Su­per­sti­tions common in Bangladeshi so­ci­ety range from sim­ply the ridicu­lous to harm­less to ac­tu­ally harm­ful.

Southasia - - SURERSTITIONS BANGLADESH - And 'Moni­hara' 'Konkal' ‘pet­nis’ “shankhchunni” The writer is a La­hore-based den­tal stu­dent.

from jeal­ous peo­ple.

Such su­per­sti­tions are so wide­spread that a project was launched to fight against the harm­ful be­liefs about preg­nancy. The Bangladesh chap­ter of in­ter­na­tional char­ity, Car­i­tas in­tro­duced the Save Moth­er­hood Project (SMP) project in 1999 un­der its Com­mu­nity Health and Nat­u­ral Fam­ily Plan­ning Project. “Be­fore Car­i­tas, no one told us that we need to take nu­tri­tious foods dur­ing preg­nancy and after the birth of the baby,” said Suma Begum, 30, a Mus­lim housewife. “El­derly women told us not to eat more oth­er­wise the baby would cause prob­lems dur­ing birth. Now Car­i­tas has ad­vised us to take foods that pro­duce enough milk for the baby,” Begum ex­plained.

Ghosts and haunted places are a part of Bangladeshi be­liefs, lit­er­a­ture and films. Rabindranath Tagore wrote about ghosts in his short sto­ries

which are con­sid­ered clas­sics of the genre. Places be­lieved

By Iqra Asad to be haunted are avoided by peo­ple. There are a va­ri­ety of ghosts with dif­fer­ent names, each be­lieved to be the re­mains of a cer­tain type of per­son. For ex­am­ple, a is the ghost of a mar­ried woman who wears ban­gles made of shell ( which are tra­di­tion­ally worn by mar­ried women). Ac­cord­ing to the Wikipedia, ghosts are of­ten found in des­o­late stretches of road or fields around vil­lages, at cre­ma­to­ri­ums and grave­yards, on Ash­hyanth, She­ora or other sim­i­lar trees and also in de­serted and haunted houses. A cu­ri­ous as­pect of fe­male ghosts is that their feet are said to be back­wards. Ghosts in folk tales are almost al­ways ma­li­cious.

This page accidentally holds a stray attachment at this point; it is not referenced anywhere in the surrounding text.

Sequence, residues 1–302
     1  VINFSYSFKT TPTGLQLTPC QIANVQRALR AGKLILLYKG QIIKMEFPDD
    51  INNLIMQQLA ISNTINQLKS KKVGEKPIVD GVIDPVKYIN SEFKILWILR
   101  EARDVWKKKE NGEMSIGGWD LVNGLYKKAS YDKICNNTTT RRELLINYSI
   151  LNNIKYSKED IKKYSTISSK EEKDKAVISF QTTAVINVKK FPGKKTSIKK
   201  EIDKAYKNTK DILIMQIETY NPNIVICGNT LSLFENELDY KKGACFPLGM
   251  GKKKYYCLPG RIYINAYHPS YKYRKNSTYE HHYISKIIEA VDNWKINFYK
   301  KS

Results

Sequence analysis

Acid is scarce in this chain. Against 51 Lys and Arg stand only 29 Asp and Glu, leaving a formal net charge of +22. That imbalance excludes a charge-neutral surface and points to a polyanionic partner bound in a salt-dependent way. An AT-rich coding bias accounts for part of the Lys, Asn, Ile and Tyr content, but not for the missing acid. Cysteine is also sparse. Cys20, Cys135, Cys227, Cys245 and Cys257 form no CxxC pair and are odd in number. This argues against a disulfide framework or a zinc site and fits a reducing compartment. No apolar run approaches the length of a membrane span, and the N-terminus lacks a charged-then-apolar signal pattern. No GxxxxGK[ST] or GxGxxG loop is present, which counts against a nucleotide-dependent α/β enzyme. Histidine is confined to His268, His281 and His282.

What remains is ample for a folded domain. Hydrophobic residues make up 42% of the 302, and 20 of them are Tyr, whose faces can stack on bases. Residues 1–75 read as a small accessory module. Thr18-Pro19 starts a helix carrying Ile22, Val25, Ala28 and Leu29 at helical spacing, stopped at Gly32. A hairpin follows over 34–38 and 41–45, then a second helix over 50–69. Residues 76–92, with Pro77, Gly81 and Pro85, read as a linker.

The su­per­sti­tions range from harm­less to ac­tu­ally harm­ful. In some cases, ed­u­ca­tion and ur­ban­iza­tion have helped in re­duc­ing the im­pact of su­per­sti­tious be­liefs. In other cases, some per­cep­tions are so deeply rooted that they per­sist in spite of the winds of change. Some su­per­sti­tions, such as the pres­ence of ghosts, take root from the fear of the un­known and are spread world­wide. Oth­ers are merely the mark of the imag­i­na­tive mind on the fab­ric of the col­lec­tive cul­tural mind­set of so­ci­ety. Some­one might cut their nails at night, then eat an egg in the morn­ing and ac­tu­ally fail their school test. If I were a Bangladeshi stu­dent I’d slip an egg into my break­fast and blame it later. It would be con­ve­nient, eh?

Jokes aside, most of the light­hearted su­per­sti­tions are joke ma­te­rial. How­ever, we must not for­get about the women be­ing re­pressed and kept shut be­hind doors just be­cause they ex­pe­ri­ence some­thing nat­u­ral or un­avoid­able such as the death of a spouse. In this re­gard, the spread of aware­ness must be done, as is be­ing done in the case of preg­nancy myths by Car­i­tas Bangladesh.

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